When using hashtags for business purposes, as with all good communication, consider how your audience will use and engage the hashtag. For example, if you’re holding an event, a hashtag is a great way to link all news together and make the event easy to follow. You can also use hashtags to make your benefits or products more searchable. For example, #strategiccommunications could help others find Morningstar Communications in social media conversations. The key is ensuring the hashtags are relevant to your brand and your audience, and specific to the topic or event. Research what comes up when you search the hashtag you’re considering. Do you like what you find? Is it the conversation you’re looking to join?

At the same time, avoid overusing hashtags. Best practices show two to three hashtags are the maximum, otherwise your post begins to look like spam.

Don’t be afraid to use hashtags to help promote your business, but use them wisely and judiciously.

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Comments Off Posted on by Tricia McKim

Measure, Monitor, Make Sense of Social Media

Posted in Best Practices, Brian's Posts, Online Marketing, Social Media

Morningstar Communications’ weekly Facebook analysis shows an organic reach of 1,346 with 13 people talking about us and an increased like total of +6.

Okay, great, what does that mean?

At this point we can assume that most businesses out there have some sort of social media presence, be it Twitter, Facebook, Instagram or one of the hundreds of up-and-coming platforms in existence. However, the measurement of its effectiveness can seem a bit on the arbitrary side.

socialmedia-meausure

“More is better” is the guiding principle behind measurement of social media’s effectiveness. 1,300 reach this week? Next week let’s shoot for 1,500. While that line of thought isn’t necessarily without merit, it’s a bit one-sided. Pictures of babies and kittens will probably increase your Facebook reach, but does that help your muffler shop sell more mufflers? Before you post on social media on behalf of your company, ask yourself a few questions:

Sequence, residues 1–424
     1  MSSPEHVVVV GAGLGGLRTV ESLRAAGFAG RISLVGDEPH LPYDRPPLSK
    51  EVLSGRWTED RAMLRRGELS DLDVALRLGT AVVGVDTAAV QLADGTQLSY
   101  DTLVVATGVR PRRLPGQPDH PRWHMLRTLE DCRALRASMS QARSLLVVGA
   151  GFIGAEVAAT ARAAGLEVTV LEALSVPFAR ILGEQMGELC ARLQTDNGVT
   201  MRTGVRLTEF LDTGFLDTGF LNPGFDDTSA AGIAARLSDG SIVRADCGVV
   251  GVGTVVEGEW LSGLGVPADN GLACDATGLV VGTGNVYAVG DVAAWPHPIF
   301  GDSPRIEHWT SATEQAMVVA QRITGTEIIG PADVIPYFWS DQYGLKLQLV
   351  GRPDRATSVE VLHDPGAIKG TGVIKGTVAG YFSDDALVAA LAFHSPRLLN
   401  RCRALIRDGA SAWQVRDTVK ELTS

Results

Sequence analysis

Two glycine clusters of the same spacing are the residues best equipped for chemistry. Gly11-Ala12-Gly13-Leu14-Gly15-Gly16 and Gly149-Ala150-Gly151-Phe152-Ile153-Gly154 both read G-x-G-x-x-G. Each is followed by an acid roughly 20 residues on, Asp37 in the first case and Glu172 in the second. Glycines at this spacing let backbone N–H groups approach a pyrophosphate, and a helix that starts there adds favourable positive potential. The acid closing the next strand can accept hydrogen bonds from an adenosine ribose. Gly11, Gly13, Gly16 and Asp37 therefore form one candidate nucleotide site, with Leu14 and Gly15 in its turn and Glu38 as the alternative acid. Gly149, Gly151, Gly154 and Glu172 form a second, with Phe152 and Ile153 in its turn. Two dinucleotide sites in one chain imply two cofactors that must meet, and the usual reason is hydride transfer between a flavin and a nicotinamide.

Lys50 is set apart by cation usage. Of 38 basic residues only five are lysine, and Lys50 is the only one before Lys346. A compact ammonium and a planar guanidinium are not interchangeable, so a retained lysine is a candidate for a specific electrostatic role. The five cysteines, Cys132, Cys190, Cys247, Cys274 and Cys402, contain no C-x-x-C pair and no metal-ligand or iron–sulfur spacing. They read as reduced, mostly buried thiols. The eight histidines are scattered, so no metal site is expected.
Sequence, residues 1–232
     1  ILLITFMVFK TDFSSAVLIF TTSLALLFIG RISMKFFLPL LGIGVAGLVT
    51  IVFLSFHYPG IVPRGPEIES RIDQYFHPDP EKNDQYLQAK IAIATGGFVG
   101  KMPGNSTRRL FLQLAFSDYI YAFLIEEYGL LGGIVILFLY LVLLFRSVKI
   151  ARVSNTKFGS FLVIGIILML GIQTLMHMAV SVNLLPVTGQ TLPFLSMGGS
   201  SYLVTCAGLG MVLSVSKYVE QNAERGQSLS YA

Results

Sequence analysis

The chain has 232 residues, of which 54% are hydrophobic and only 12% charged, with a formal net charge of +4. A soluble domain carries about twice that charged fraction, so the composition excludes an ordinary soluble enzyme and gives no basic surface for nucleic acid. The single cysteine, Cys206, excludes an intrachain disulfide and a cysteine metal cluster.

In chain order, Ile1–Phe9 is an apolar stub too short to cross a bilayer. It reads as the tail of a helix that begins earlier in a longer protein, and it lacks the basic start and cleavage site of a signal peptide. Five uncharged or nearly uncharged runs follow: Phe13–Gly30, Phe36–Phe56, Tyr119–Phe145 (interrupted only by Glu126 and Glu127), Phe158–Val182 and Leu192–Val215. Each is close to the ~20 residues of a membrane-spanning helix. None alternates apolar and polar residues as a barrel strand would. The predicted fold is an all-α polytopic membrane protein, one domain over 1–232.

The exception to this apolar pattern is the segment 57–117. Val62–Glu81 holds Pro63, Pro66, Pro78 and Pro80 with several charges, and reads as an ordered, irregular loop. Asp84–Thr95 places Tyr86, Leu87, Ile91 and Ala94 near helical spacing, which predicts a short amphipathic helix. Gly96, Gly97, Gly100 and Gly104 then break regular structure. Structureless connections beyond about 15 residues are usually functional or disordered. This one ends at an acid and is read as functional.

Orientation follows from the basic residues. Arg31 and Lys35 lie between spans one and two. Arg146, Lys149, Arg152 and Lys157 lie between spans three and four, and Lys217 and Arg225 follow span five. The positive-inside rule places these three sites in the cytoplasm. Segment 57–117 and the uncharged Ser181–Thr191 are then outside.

• How does my social presence relate to my overall brand messaging?
    • You have a brand that you need to cultivate at all times. Are you leveraging it, helping it or hindering it through your social presence?
  • How are you tracking ROI?
    • Tools like Facebook insights can show reach and engagement, but Google Analytics can monitor website activity in relation to social posts. Find out what people are clicking on and what the end result is.
  • Who are you reaching?
    • While more likes may be good, obtaining more of the “right likes” are more important. Make sure you are targeting and engaging relevant businesses to increase your number of “right likes.”

 

Social media is a constantly changing field so it’s important not to simply accept the status quo regarding measurement. How does your business measure its social media ROI? 

 

 

Comments Off Posted on by Brian Van Note

Working the Twittersphere

Posted in Best Practices, Media Relations, Social Media, Susan's Posts

At a recent conference in Kansas City, I connected with a Forbes contributor about the value of reaching out to industry influencers via social media and the best ways to position your clients so you’re being strategic rather than pushy. With a genuine approach, the idea is that you’ll see a better return on your time and strategic investment. You’ll also build substantial relationships with key influencers and industry reporters, which is the goal we all strive for in public relations.

I have long been a fan of the seamless ability of personal and professional worlds to collide in a rather unique fashion via social media, so I was intrigued when this topic came into discussion. The idea of gaining some insight on how a journalist himself wanted to engage with PR people via social media was exciting and encouraging! Having recently employed these tactics and successfully secured client coverage via Twitter, the following are best practices I’ve learned along the way and from those my new Forbes acquaintance shared with me: